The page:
Justin A. MacDonald, Ph.D. Biology, 1998

Enzyme thermal adaptations and signal transduction involvement in ground squirrel hibernation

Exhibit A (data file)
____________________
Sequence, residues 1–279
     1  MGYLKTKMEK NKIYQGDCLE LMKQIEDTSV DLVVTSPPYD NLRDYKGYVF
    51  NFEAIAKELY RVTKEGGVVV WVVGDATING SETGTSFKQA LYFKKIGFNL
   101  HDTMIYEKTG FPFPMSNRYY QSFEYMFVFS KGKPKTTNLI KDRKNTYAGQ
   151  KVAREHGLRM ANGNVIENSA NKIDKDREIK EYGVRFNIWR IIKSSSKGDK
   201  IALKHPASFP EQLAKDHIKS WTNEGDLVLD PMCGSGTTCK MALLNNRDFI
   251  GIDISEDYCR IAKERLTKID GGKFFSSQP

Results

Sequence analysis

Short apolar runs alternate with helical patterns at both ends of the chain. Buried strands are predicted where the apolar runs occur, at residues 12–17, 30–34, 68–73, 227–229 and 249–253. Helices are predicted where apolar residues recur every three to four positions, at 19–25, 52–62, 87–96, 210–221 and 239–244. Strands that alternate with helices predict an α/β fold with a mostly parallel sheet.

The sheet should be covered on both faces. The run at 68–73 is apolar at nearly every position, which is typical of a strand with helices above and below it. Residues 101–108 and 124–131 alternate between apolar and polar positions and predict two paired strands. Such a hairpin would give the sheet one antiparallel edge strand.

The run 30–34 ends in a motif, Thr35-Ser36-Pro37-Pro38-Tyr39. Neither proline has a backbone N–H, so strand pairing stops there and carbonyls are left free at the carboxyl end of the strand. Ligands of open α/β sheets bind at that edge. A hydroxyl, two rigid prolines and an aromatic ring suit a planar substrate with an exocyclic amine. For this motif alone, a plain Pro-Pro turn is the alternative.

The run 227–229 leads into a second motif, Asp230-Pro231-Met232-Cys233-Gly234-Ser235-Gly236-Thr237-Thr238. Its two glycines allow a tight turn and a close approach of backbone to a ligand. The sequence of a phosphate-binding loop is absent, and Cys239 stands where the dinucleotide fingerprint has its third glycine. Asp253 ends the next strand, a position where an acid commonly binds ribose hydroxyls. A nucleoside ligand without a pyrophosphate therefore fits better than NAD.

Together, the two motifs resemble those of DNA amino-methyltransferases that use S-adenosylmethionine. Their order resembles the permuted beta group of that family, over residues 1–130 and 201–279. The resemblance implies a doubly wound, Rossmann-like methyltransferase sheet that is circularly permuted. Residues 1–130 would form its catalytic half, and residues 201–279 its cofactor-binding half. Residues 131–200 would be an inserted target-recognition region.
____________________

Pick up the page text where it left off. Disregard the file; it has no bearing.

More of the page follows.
Regulatory enzymes are integral to the regulation of metabolism, and reversible protein phosphorylation by kinases and phosphatases controls most aspects of cell life. Brown adipose (BAT) PKA, liver PP-1 and muscle phosphofructokinase (PFK) from the ground squirrel were purified to homogeneity; physical and kinetic properties of these were assessed with respect to function at low temperature. An assessment of PKA catalytic subunit function via in vitro incubations of ground squirrel BAT extracts with 32P-ATP revealed differences in the patterns of phosphorylated proteins between euthermic and hibernating animals and between 37° and 5°C. The addition of 10% (w/v) polyethylene glycol reversed all negative effects of cold temperature, low pH and urea on PFK stability. A reduction in assay temperature from 37° to 5°C had numerous effects on ground squirrel enzymes including changes in pH optima, decreases in Km values for substrates, and reduced inhibition by salts. The percentage of membrane associated PKC increased during hibernation in liver, but the % active PKA was unaffected by hibernation in any tissue. Changes in PP-1 and -2 activities in tissues of euthermic and hibernating animals showed that phosphatases are regulated in hibernation. The subcellular localization of PP-1 in liver and muscle was affected by hibernation. The mitogen-activated protein kinase (MAPKs) MAPK-activated protein kinase (MAPKAPK-1 and -2) activities were affected by hibernation. p70S6Kkinase activity decreased in kidney during hibernation. c-jun kinase activity increased in 4 hibernating tissues but decreased slightly in brain. p38 was activated in hibernating muscle and heart. The responses of immediate-early gene products c-jun, egr-1, and c-myc were tissue specific with no apparent overall pattern. Maintenance of muscle energy status at the expense of the total adenylate pool was accompanied by a 60% decrease in the Na+K+-ATPase activity. Enzyme activity was reduced in vitro when incubated with protein kinase activators and was relieved by addition of alkaline phosphatase. A change in the ATP dependency of the enzyme also occurred in hibernation. Overall, protein phosphorylation is key to the regulation of hibernating metabolism in ground squirrels, and hibernator enzymes demonstrate functional adaptations to cold temperature.